Reporter’s Notebook: When will Mayor-elect Dickens visit Buckhead?
After a drawn-out and, at times, contentious municipal election cycle, Atlanta’s runoff races have come to a close. Here’s a list of the newly elected candidates:
Mayor: Andre Dickens
City Council President: Doug Shipman
City Council Post 3 At Large: Keisha Sean Waites
City Council District 1: Jason Winston
City Council District 3: Byron Amos
City Council District 4: Jason Dozier
City Council District 5: Liliana Bakhtiari
City Council District 12: Antonio Lewis
Board of Education Seat 7 At Large: Tamara Jones
Board of Education District 2: Aretta Baldon
On to more news from the week:
When will Mayor-elect Dickens visit Buckhead?
Mayor-elect Andre Dickens has made opposition to Buckhead cityhood a key issue, promising to listen to local concerns. But when will he make his first formal post-election appearance in that crucial neighborhood?
Likely no later than Jan. 26, and with a group involved in the cityhood opposition in tow.
That’s the date of the annual luncheon of the Buckhead Coalition, an influential, invitation-only group of civic and business leaders. The luncheon often features a speech from a newly-elected mayor or other political figure. But there’s extra political electricity to the 2022 edition, as the Coalition is one of the top opponents of cityhood. One of its members, attorney Linda Klein, co-chairs the anti-cityhood group the Committee for a United Atlanta (CUA).
Jim Durrett, the Coalition’s president and CEO, says Dickens “will definitely be there” and “has been invited to speak.”
The CUA itself has invited Dickens to a $1,000-per-person fundraiser in Buckhead Dec. 8, though it could not immediately confirm whether he has accepted. The fundraiser’s hosts include a long list of local and citywide power brokers, such as Arthur Blank, co-founder of Home Depot and owner of the Atlanta Falcons and the Atlanta United sports teams; Matt Bronfman, principal and CEO of Jamestown, the real estate company behind Ponce City Market and Buckhead Village District; and Sheffield Hale, president and CEO of the Buckhead-based Atlanta History Center.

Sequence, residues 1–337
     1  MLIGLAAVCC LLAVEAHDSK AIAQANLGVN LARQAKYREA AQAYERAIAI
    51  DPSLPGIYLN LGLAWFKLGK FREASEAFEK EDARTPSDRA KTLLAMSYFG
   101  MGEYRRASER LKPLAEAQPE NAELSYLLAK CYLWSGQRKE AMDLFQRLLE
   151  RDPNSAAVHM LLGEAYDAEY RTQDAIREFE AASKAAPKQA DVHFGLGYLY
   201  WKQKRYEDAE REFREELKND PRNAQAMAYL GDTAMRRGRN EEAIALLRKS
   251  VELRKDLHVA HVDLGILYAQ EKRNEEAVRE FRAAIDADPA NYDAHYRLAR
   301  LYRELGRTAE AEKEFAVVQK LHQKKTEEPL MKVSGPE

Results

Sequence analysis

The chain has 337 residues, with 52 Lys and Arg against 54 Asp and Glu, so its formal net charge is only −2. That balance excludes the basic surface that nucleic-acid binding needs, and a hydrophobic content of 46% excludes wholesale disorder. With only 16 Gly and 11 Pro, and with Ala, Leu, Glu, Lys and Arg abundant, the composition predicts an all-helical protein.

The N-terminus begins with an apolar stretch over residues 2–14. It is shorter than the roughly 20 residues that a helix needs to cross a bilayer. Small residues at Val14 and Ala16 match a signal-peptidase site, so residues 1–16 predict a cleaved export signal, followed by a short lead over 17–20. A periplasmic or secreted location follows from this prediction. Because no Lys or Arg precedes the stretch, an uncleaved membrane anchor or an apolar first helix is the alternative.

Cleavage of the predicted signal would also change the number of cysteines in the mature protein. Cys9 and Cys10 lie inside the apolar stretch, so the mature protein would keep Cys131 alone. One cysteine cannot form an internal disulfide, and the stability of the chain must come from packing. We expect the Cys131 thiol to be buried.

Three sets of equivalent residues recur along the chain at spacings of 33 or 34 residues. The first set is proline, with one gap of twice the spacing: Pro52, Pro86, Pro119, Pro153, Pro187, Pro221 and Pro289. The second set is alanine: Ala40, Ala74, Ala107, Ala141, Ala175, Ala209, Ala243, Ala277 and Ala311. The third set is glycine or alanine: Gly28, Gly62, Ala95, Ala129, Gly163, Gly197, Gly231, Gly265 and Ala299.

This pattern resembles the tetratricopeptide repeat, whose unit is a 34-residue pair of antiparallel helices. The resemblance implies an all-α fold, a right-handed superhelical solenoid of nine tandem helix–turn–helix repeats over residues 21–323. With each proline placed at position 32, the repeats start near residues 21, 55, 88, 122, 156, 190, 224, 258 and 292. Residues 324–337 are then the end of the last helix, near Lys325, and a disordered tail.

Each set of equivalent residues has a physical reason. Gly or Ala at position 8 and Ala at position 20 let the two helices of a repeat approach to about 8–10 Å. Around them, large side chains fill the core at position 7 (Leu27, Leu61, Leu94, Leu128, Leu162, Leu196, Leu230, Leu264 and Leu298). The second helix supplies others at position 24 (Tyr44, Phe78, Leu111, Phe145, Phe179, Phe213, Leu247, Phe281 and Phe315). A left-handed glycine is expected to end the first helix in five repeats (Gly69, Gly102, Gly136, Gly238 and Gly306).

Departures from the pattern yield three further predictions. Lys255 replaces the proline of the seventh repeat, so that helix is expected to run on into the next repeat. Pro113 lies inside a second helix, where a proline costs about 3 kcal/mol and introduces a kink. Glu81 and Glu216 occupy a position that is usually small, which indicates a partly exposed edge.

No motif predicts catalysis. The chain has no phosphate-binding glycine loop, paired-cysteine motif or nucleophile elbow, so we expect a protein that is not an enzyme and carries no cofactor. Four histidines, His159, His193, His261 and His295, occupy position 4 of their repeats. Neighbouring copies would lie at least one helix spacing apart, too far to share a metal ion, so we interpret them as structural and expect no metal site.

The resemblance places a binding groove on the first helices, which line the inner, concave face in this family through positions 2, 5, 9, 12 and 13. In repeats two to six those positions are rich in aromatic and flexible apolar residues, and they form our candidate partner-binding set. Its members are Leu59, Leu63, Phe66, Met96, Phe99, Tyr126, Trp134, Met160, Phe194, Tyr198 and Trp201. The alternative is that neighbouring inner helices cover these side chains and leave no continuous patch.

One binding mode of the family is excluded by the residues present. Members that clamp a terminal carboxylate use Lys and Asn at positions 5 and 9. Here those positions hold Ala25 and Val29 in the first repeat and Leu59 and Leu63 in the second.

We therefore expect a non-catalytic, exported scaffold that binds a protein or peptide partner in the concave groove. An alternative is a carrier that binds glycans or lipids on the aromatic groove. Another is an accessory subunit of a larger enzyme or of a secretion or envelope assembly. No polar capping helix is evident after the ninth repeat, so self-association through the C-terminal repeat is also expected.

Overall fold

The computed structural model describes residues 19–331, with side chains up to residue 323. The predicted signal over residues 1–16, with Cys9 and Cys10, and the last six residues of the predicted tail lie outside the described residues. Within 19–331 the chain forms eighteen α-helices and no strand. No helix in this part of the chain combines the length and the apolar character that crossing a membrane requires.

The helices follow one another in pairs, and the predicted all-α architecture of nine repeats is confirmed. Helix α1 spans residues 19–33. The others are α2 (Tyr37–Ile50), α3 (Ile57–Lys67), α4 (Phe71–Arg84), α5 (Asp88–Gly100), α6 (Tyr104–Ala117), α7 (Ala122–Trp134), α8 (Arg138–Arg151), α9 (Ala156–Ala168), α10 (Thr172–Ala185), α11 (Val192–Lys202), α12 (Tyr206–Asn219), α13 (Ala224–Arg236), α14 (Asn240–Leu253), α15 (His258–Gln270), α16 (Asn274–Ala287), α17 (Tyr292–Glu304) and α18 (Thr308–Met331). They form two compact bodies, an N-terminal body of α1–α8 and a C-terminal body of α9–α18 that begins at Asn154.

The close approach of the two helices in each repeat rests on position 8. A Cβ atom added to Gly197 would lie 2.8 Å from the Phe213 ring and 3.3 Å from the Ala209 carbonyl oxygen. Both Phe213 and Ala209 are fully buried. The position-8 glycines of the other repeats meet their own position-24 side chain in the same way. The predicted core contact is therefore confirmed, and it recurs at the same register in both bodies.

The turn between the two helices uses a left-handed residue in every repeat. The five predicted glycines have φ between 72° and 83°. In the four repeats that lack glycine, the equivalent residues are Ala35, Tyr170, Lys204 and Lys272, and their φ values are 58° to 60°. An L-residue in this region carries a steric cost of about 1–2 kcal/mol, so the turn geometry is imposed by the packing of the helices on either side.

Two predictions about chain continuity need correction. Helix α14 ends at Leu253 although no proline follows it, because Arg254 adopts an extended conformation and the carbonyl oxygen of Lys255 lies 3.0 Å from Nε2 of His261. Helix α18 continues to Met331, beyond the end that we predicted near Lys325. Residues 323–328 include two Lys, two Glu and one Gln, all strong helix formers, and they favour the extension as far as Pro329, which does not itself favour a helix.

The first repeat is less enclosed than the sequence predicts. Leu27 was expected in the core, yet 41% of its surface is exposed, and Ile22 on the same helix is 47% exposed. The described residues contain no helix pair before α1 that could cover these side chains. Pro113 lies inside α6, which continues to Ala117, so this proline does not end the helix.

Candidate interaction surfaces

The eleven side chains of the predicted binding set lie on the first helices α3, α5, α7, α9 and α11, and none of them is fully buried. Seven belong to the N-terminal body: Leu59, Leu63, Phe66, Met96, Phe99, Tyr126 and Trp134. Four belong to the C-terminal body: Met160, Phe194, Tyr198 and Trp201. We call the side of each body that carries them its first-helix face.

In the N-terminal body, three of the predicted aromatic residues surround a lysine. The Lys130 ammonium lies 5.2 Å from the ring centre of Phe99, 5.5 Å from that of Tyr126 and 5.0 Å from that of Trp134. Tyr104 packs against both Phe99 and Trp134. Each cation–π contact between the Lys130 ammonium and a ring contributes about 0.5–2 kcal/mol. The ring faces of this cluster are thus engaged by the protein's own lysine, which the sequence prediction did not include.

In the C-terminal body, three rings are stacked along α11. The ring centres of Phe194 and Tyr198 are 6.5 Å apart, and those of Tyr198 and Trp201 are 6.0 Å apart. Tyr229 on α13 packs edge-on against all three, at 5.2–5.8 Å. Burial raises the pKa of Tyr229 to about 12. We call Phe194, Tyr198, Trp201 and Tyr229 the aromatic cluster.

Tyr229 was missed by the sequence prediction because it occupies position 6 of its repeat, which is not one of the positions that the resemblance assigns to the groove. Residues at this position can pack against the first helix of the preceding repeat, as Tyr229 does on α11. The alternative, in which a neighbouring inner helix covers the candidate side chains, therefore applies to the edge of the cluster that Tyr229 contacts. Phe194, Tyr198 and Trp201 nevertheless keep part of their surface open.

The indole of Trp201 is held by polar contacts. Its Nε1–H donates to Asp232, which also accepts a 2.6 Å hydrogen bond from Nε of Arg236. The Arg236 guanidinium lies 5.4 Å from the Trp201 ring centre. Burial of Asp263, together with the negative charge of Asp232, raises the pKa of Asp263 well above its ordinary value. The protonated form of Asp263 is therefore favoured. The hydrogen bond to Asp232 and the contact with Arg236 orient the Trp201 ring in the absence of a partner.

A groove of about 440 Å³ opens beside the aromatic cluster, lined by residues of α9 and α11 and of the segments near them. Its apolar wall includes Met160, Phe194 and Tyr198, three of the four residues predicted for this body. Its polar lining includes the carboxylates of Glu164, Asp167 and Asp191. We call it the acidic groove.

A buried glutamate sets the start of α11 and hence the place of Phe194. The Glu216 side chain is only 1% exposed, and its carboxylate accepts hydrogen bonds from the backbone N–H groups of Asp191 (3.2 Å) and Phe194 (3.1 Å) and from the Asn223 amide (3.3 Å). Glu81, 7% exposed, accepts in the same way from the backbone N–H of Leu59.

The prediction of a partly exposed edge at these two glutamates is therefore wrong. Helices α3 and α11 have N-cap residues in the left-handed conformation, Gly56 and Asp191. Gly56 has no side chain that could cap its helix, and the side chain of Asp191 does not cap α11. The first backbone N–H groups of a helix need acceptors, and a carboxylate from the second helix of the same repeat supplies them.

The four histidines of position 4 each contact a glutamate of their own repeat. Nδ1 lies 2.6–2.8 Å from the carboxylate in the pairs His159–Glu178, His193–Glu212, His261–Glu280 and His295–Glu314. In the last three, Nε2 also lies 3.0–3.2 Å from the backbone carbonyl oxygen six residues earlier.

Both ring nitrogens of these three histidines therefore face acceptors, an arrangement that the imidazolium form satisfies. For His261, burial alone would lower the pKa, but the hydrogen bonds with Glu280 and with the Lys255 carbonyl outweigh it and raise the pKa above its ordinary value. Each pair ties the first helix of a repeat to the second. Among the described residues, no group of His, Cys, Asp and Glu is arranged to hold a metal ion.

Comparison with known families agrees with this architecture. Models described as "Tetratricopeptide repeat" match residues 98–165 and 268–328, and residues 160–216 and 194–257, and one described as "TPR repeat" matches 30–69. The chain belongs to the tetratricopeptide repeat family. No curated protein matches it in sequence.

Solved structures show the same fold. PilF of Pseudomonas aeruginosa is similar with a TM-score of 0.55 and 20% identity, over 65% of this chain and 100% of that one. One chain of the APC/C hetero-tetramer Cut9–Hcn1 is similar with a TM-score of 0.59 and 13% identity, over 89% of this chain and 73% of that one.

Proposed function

The Dickens campaign did not respond to a question about Buckhead event invitations, although he did make a brief stop at Fulton County’s Buckhead Library as part of a post-election thank-you tour.
The pro-cityhood Buckhead City Committee has issued no public invitations to Dickens and seems unlikely to, with CEO and chairman Bill White previously mocking him as soft on crime by saying locals don’t “want the ‘Dickens’ scared out of us.” In an Election Night statement Nov. 30, White said, “We congratulate Mayor-elect Andre Dickens and we look forward to working with him to ensure a smooth transition for Buckhead City as we make our future sister cities safe and prosperous!”
Incumbent Mayor Keisha Lance Bottoms had made few Buckhead appearances during her term, a political miscalculation that helped to fuel the cityhood sentiment. In 2018, she made one of her first major speeches at the Coalition annual luncheon, where political unity was a theme and attendees received glass sculptures of a handshake bearing the phrase “Atlanta Together.” She and her cabinet returned in early 2019 for a town hall at the Atlanta History Center, where they were strongly criticized on crime and other issues. Bottoms rarely made official appearances in Buckhead after that, returning earlier this year for some political farewells as a lame duck.
— John Ruch
Stacey Abrams announces second run for Governor
Stacey Abrams, a previous candidate for governor and founder of voting rights group Fair Fight Action, has announced a second run for Georgia’s gubernatorial seat.
Abrams and other qualified candidates will run against Governor Brian Kemp, who announced his bid for re-election over the summer.
She posted a campaign announcement video on Twitter accompanied with the caption, “I’m running for Governor because opportunity in our state shouldn’t be determined by zip code, background or access to power.”
Abrams gained national attention following her unsuccessful campaign for Governor in 2018, losing to Kemp by only 1.4 percentage points, which the Atlanta Journal-Constitution noted was the closest Georgia gubernatorial race in decades.
Abrams cited voter suppression as a reason for her defeat, and pointed out that Kemp was simultaneously running a campaign and overseeing the election as Secretary of State. Needless to say, many eyes will be on this race.
Election Day for Georgia’s gubernatorial race is Nov. 8, 2022.
— Hannah E. Jones
Atlanta BeltLine, Inc. reports update on affordable housing
The Atlanta BeltLine’s report Tuesday on affordable housing painted a rosy picture by combining two categories of units.
More than 4,000 units of affordable housing have been built or preserved along and near the BeltLine, according to Clyde Higgs, president and CEO of the city entity created to oversee the project, Atlanta BeltLine Inc. Higgs spoke to the Atlanta City Council’s Community Development and Human Services Committee.